I had similar challenge in a CO2 sensor board. Both sensor and voltage regulators would get hot and this would affect precision amplifier that was connected to the sensor on the same board. So I followed a guideline I found in app note. I left 3mm wide clearance between amplifier section and rest of board, then added copper ring on component side and another copper pour on the other to act as both RFI shield and heatsink. There are only three, quite narrow traces: one from sensor, one for amplified signal and one to join ground planes that goes on the other side of the board directly under signal input path to add a bit more of RFI protection. power supply for amplifier is connected via small 100uH axial inductor. The only mistake in design was not adding solder mask keepout on top of ring so one could make a metal cover over amplifier, but that can be fixed with some careful scraping..
Which CO2 sensor did you use? Can you please share the part no.?
Turns out electronics dissipate energy.
Maybe we don’t all have your brain size and can’t think of anything on a hobby design.
SNOBOL???!!! Or is my memory deceiving me?
That’s vi / vim
Yep, that’s vim, sed, ex, ed, and all o’ dem.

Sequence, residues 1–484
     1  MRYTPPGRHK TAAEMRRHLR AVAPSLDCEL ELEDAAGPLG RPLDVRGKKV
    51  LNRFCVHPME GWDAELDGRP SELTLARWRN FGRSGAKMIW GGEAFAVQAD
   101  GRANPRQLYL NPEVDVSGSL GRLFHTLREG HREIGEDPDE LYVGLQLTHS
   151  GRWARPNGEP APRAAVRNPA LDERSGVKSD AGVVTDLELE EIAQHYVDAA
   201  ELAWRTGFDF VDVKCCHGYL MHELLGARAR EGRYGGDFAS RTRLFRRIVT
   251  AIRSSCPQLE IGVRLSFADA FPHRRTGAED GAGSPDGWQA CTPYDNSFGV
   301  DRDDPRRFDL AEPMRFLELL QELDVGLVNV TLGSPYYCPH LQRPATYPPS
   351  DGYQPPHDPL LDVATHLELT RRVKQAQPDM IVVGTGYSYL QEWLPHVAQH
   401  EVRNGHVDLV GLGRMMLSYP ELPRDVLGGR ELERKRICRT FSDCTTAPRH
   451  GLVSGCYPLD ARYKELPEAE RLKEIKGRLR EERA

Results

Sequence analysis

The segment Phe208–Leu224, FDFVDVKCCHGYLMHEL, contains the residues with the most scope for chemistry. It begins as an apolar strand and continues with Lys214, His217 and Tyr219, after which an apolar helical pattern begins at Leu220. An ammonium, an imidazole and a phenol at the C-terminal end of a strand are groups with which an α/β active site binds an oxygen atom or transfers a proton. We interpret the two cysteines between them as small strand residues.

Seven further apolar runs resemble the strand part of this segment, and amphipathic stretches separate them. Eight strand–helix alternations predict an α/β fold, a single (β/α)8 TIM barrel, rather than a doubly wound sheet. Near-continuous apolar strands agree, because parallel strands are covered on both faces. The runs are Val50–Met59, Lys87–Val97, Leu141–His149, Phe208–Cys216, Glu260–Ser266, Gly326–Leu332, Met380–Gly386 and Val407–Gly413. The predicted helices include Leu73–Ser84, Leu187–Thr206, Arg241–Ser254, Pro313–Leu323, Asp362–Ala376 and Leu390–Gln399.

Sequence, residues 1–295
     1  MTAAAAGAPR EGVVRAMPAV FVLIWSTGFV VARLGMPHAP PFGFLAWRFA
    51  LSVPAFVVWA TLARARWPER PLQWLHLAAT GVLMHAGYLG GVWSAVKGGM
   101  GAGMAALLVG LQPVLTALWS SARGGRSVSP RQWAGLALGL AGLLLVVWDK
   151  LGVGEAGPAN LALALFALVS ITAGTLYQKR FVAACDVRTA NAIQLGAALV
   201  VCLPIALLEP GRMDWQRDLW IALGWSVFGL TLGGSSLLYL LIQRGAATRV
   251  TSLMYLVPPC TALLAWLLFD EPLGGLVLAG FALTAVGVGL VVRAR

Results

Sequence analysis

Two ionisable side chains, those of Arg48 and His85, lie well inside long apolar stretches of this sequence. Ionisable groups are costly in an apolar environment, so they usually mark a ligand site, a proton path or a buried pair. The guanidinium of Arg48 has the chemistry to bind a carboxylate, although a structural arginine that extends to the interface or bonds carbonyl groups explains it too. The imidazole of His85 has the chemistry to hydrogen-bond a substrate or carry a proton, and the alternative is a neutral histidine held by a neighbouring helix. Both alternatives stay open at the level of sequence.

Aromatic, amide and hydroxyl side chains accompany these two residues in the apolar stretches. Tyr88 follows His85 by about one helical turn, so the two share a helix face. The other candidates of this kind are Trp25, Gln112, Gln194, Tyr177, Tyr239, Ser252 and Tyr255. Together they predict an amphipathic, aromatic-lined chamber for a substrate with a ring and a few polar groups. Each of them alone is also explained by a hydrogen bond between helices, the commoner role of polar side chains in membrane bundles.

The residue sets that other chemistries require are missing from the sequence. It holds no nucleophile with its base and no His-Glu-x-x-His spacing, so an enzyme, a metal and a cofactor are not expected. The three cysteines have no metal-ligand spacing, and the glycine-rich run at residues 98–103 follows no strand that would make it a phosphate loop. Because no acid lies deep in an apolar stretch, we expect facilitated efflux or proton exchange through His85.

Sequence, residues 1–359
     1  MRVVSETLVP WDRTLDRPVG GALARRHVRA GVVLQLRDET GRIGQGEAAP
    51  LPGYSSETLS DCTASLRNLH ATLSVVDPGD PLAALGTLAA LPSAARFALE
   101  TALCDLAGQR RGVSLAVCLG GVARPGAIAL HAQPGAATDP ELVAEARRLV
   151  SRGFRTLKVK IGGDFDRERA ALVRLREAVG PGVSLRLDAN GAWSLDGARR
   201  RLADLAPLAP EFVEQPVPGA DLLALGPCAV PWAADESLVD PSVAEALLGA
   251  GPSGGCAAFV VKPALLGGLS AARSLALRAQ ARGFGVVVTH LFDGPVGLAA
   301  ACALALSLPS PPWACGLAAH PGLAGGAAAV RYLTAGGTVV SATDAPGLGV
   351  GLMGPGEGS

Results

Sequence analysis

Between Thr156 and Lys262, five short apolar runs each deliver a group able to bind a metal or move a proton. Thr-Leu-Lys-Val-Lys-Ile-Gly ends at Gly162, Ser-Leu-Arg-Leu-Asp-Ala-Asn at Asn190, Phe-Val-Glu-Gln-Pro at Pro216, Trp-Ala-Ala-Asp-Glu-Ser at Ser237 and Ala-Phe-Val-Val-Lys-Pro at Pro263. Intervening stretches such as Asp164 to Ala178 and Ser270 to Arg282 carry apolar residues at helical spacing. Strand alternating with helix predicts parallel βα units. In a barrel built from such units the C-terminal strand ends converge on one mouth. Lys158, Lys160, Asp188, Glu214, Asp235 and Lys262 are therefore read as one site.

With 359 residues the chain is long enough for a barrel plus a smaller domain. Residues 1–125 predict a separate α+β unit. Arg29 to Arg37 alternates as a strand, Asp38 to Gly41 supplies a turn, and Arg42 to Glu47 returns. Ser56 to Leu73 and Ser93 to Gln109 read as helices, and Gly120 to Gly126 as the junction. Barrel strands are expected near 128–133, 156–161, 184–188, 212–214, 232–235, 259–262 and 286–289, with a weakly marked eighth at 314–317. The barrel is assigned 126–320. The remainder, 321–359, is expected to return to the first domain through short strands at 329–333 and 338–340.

look at the 1117 regulator. that is also a source of heat, and it sits right next to the sensor.
Good call! I didn’t even see a (linear) regulator. Those things are essentially resistors — they reduce voltage by producing heat.
It’s kind of unbelievable. The funny thing is that he’s bragging on the hackerspace mailing list about how he got on HaD again.
measure the temp of the esp and reg and compensate in software
Adding a heat sink won’t make any difference, except maybe by changing the vector by which generated heat is spoiling the data. Any other ideas about reducing the flow of heat to the part really only do that – there is still contamination of the readings, and sadly it isn’t linear (as you will discover at colder temperatures). There are only two effective solutions – remove the generated heat or remove the sensor from the part that is generating heat.
The first is easier. Turning off the module should solve pretty much everything, it only needs to be on for a tiny amount of time to send a few bytes of data.
Not a problem
You must put ESP8266 to sleep for 1 minute (for example) and measure temperature just after wakeup (before even wifi auth).
But that does not solve the problem for nodemcu for example which has USB UART converter which draws 20mA and cannot be suspended.
You must separate sensor from esp8266.
You should also consider powering the sensor from gpio pin (only when it’s in use) but it depends on a particular sensor how it behaves.
I worked around the usb problem by soldering a wire to ~Enable line on the usb controller and grounding it. I only use the USB when programming so I disconnect it for that.